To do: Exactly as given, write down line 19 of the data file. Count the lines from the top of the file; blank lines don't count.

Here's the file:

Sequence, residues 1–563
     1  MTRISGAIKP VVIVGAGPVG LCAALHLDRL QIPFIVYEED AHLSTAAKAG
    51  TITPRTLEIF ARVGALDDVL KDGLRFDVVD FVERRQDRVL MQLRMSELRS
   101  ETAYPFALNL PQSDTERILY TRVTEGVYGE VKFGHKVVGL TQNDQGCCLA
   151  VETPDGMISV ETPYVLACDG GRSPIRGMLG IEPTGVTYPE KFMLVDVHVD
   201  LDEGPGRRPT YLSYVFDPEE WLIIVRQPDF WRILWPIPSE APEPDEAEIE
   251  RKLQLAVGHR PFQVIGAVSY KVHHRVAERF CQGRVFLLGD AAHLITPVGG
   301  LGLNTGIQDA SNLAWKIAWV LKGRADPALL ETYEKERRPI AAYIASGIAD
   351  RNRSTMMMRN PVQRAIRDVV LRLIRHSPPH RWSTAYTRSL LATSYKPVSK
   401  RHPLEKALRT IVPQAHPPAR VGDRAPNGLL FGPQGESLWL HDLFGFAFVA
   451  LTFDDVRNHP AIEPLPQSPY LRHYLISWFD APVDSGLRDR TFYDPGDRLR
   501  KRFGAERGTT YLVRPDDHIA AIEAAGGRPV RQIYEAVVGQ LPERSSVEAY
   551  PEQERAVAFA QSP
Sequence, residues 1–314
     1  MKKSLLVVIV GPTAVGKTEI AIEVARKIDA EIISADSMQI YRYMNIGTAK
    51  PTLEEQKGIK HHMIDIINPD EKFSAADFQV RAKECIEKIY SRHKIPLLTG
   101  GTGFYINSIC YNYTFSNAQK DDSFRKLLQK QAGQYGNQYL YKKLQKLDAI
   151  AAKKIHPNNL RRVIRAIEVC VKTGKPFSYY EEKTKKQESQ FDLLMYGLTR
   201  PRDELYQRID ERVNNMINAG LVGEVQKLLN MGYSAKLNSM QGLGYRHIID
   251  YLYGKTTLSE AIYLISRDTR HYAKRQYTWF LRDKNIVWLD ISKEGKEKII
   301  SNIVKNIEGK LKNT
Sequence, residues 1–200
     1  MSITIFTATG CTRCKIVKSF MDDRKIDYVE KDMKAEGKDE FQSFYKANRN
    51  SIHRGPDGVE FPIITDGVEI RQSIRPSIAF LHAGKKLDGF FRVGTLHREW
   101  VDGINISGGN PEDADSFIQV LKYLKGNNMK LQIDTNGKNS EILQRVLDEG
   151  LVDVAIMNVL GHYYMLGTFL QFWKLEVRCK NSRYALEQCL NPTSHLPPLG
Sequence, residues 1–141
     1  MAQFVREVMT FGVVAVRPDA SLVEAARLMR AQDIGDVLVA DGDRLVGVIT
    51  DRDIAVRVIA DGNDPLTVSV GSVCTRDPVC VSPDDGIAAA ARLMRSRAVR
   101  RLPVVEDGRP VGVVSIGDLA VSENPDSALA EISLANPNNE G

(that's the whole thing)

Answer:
   201  PRDELYQRID ERVNNMINAG LVGEVQKLLN MGYSAKLNSM QGLGYRHIID